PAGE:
Relativity Question

  • Thread starter iurod
  • Start date
  • #1
51
0

Homework Statement


A) at what velocity will be the KE of a spaceship 2/3 of its rest energy?
B) If the Spaceship travels at this velocity relative to the earth and its trip takes 10 years as measured in the earthbound system, how much time has elapsed on the spaceship clock?
C) What is the distance (in lightyears) it travels as seen from the earth and as seen from the spaceship?


Homework Equations


m=mo/([tex]\sqrt{}1- (v^2/c^2)[/tex]
[tex]\Delta[/tex]t= [tex]\Delta[/tex]to/([tex]\sqrt{}1- (v^2/c^2)[/tex]
L=Lo[tex]\sqrt{}1-(v^2]/c^2)[/tex]

Sorry for some reason the subscript isn't working or I'm doing it completely wrong...

m2


The Attempt at a Solution


A)
KE = (m-mo)c^2 = 2/3moc^2 .... m=1.67o(1+2/3 = 1.67)

1.67 = 1/([tex]\sqrt{}1- (v^2/c^2)[/tex]
2.7889 = 1/(1-(v^2/c^2))
1/2.7889 = (1-(v^2/c^2))
0.6414 = v^2/c^2
v= 0.80c

B)
[tex]\Delta[/tex]t= [tex]\Delta[/tex]to/([tex]\sqrt{}1- (v^2/c^2)[/tex]
10 yrs = [tex]\Delta[/tex]to/[tex]\sqrt{}1-.80^2[/tex]
[tex]\Delta[/tex]to = 6 years

C)I didn't really know how to do this one so I just tried and equation:
L=Lo[tex]\sqrt{}1-(v^2/c^2)[/tex]
L=10yrs[tex]\sqrt{}1-.80^2[/tex]
L=61 lightyears for the people on earth

L=Lo[tex]\sqrt{}1-(v^2/c^2)[/tex]
10years = Lo[tex]\sqrt{}1-.80^2[/tex]
Lo16.67 Lightyears for the people in the spaceship

Unfortunately I don't have the answers to these so I cant check my own work, any help would be greatly appreciated..

Thanks

Homework Statement





Homework Equations





The Attempt at a Solution


Homework Statement





Homework Equations





The Attempt at a Solution


Homework Statement





Homework Equations





The Attempt at a Solution


Homework Statement





Homework Equations





The Attempt at a Solution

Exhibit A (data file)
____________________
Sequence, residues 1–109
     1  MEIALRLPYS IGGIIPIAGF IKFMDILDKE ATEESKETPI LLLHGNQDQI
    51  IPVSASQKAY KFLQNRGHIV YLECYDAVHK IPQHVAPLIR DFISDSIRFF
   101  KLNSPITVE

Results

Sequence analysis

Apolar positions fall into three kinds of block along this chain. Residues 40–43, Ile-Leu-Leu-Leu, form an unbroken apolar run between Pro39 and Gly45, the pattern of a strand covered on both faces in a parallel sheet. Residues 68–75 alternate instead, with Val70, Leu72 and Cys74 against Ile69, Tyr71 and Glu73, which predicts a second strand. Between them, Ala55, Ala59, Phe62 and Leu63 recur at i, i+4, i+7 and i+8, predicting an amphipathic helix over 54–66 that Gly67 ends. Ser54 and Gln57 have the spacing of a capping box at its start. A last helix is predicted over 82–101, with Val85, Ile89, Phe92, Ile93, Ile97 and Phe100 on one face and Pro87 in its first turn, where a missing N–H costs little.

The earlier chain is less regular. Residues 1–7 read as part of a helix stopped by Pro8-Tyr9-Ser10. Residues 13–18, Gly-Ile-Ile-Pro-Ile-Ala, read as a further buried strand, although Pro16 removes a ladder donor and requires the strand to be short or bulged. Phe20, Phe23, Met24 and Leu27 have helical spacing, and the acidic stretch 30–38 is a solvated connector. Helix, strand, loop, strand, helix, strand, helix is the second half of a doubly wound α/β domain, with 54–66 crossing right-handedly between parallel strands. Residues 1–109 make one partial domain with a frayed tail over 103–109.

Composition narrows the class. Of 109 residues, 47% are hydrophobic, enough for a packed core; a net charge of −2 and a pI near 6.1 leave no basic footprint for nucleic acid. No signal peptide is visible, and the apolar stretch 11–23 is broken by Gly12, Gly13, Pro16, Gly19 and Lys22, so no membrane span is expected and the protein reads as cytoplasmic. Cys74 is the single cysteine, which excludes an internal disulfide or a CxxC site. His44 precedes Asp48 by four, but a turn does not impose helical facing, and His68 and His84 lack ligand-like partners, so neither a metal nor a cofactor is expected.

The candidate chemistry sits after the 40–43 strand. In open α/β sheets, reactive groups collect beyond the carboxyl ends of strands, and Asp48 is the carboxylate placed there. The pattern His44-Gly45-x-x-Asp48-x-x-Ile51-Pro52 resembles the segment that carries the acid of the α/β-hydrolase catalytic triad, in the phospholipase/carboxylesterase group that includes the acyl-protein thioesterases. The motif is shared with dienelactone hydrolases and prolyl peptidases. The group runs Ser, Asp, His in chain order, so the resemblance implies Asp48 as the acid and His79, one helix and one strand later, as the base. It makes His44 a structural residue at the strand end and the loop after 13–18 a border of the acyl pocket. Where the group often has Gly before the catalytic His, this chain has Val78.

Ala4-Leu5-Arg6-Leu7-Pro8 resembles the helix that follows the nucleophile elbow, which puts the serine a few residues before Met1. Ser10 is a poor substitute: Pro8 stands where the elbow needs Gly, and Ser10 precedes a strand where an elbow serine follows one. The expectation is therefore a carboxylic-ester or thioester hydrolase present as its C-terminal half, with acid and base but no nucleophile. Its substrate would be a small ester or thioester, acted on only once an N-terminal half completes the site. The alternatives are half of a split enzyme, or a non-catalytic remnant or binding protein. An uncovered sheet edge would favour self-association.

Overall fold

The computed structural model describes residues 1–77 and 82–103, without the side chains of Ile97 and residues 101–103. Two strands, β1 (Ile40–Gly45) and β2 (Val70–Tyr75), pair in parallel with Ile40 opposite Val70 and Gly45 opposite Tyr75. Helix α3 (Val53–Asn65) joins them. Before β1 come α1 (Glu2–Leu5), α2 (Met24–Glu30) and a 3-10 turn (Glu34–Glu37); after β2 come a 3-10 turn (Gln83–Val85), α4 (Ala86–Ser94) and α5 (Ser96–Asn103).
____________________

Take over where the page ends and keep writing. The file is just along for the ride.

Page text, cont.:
Homework Statement





Homework Equations





The Attempt at a Solution

 

Answers and Replies

  • #2
vela
Staff Emeritus
Science Advisor
Homework Helper
Education Advisor
15,164
1,763
To find the distance, just multiply the speed of the ship by the time elapsed.
 
  • #3
51
0
To find the distance, just multiply the speed of the ship by the time elapsed.

Distance on earth inertial frame = 0.80c(10years) = 8yc (does yc = light years?)

Distance on spaceships inertial frame 0.80c(6years) = 4.8yc

Thanks... does all the other stuff look correct?

Thanks for your help
 
  • #4
vela
Staff Emeritus
Science Advisor
Homework Helper
Education Advisor
15,164
1,763
Yes, yc is a light-year. Your other work is fine. You might also note that the two distances you found are related via length contraction.
 
  • #5
51
0
Yes, yc is a light-year. Your other work is fine. You might also note that the two distances you found are related via length contraction.

The only formula I thought fit after doing multiple relativity questions was Length contraction for a question like this. Is there another way to solve it?

I tried time dilation first thinking time/years seems reasonable, but my answers were wacky. But it may have been a mathematical error, can it be done using time dilation?

Thank you for all your help, i greatly appreciate it.
 
  • #6
vela
Staff Emeritus
Science Advisor
Homework Helper
Education Advisor
15,164
1,763
The length contraction and time dilation formulas merely relate quantities in one frame to those in another. You need an independent way to determine the distance in one of the frames.
 
  • #7
51
0
If I use d=vt I get:
d=0.80c(10years) = 8 Lightyears for the people on earth

and

d=0.80(6years) = 4.8 Lightyears for the astronauts

I was under the impression that d=vt was not valid for speeds close to the speed of light?

(I'm a little confused was finding the distance via the length contraction equation incorrect?)
 
  • #8
vela
Staff Emeritus
Science Advisor
Homework Helper
Education Advisor
15,164
1,763
Your impression is incorrect; d=vt is valid at all speeds.

Unless you have the length in one of the frames, how can you use the length contraction formula?

(Just to be clear, those answers you got using d=vt are correct.)
 
  • #9
51
0
now this makes total sense. Since I have no length in either frame I cannot use the Length contraction equation. The 10 years I plugged into the length contraction equation is not a length but a time...

Thank you for helping me with this Vela. I greatly appreciate it...
 

Related Threads on Relativity Question

  • Last Post
Replies
4
Views
1K
  • Last Post
Replies
1
Views
904
  • Last Post
Replies
3
Views
1K
  • Last Post
Replies
1
Views
1K
  • Last Post
Replies
3
Views
2K
  • Last Post
Replies
3
Views
1K
  • Last Post
Replies
3
Views
1K
  • Last Post
Replies
1
Views
954
  • Last Post
Replies
2
Views
1K
  • Last Post
Replies
0
Views
955
Top